The Earlier Ottaviani Intervention
Alfredo Cardinal Ottaviani, predecessor of Cardinal Ratzinger in the Holy Office, is well known as the principal author of The Ottaviani Intervention, a letter directed to Pope Paul VI on the illegitimacy of his new mass. Less well known is his earlier "intervention," in 1951. Even at that time he had already begun to see the rise of the false mysticism that would culminate in the Second Vatican Council, called as the result of imagined "voice of the Holy Spirit" whispering in Pope John XXIII's ear. We can only guess whether or not the good Cardinal could have imagined what would follow; the attack from within on the authority of the Catholic Church with the rise of Catholic pentecostalism and the ubiquitous claims of apparitions of the Blessed Mother on every street corner. Nonetheless, his article in L'Osservatore Romano, seems prophetic.
Even in the Cardinal's day, with the new found prosperity of the post-war era, tourists were spending princely sums to visit remote parts of Europe where it was claimed that the Blessed Virgin was appearing. Many of the same people would never imagine rolling out of bead early enough to attend daily Mass, where they were absolutely sure that Jesus Christ would be truly present.
"Signs and Wonders -- A Warning"
No Catholic questions the possibility of miracles or doubts that they do happen. Christ's mission and His divine Nature were proved by the many great miracles He performed here on earth. The early Church overcame initial difficulties and persecutions because the Holy Ghost gave Her special help that expressed itself visibly in the gifts enjoyed by the Apostles and in a large number of the elect among the first generations of Christians. Once the Church was consolidated these special gifts of the Holy Ghost, as we can well understand, grew less; but they have not ceased. The help of the Holy Ghost and the presence of Christ in His Church will last until the end of time. The former [the help of the Holy Ghost] shows itself by supernatural signs and by miracles.
By way of example it is enough to call attention to the miracles that are examined during the process of the beatification of the servants of God or the canonization of the Blessed. Such miracles are rigorously tested both scientifically and theologically. One might add that the rigor by which the miraculous cures at Lourdes are examined is common knowledge.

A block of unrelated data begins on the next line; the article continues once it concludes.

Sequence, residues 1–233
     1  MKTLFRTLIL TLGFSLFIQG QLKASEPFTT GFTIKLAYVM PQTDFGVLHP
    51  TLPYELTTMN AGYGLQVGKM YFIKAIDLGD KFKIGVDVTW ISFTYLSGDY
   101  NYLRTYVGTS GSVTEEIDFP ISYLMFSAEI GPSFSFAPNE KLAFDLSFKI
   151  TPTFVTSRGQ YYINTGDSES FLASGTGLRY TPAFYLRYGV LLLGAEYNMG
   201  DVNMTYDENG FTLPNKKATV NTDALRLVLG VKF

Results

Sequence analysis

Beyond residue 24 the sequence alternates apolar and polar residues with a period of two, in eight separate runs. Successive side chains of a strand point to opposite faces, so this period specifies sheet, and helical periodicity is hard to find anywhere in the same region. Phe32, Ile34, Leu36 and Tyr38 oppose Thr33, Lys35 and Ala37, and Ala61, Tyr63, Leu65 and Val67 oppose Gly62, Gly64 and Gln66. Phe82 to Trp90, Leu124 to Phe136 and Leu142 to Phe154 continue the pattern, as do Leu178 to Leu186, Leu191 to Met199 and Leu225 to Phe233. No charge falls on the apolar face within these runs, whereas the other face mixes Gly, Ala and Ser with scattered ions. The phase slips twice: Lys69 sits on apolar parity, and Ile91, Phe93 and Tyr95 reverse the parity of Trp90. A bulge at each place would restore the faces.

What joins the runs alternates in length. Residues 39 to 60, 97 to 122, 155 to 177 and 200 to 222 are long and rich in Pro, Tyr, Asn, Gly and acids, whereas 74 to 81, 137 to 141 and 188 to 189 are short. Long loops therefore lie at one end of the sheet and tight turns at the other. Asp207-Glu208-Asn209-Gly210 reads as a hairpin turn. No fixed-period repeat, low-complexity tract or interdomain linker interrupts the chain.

Let no one call us enemies of the supernatural, therefore, if we set ourselves now to the task of warning the faithful against unchecked statements concerning certain supposed supernatural happenings, statements which are fairly widespread at the present time, and which might jeopardize the recognition of a true miracle and bring it into discredit.
Our Lord Himself has put us on our guard against "false prophets": who "will show great signs and wonders, so as to lead astray if possible, even the elect" (Matthew xxiv:24). Such wonders have occurred from the earliest days of the Church (Acts viii:9). For this reason the Church has the right and the duty to judge the truth and the nature of facts and revelations said to have come about by a special intervention of God. And it is the duty of all good children of the Church to submit to this judgment.
As a mother the Church has to bear the burden of a mother's heavy and sorrowful duties, and, like all mothers, she sometimes has the duty not only to take action, but to suffer, to keep silent, and to wait. Fifty years ago who would have thought that the Church would now be in a position of having to warn her children, even her priests, to be on their guard against so-called miracles, against all those happenings acclaimed as preternatural, which are arousing the interest of the masses, now here, now there, in almost every continent and country? Fifty years ago, when the "scientific" and positivistic attitude was rife, people would have laughed at anyone who paid attention to and believed in what was called the superstition of the dark ages. Fifty years ago people reviled the Church because She alone persisted in upholding the existence of miracles, their spiritual worth, negative or positive, and their beauty or ugliness. One of the commonest and solemn of subjects in the field of apologetics at that time was the miraculous. Now the Church has to warn her children through the lips of bishops, repeating the words of the Divine Master [Matthew xxiv:24, cited above] not to allow themselves to be easily led astray by such happenings and not to believe in them save with the eyes wide open and only when the authorities, after the needed inquiries, have given their reports.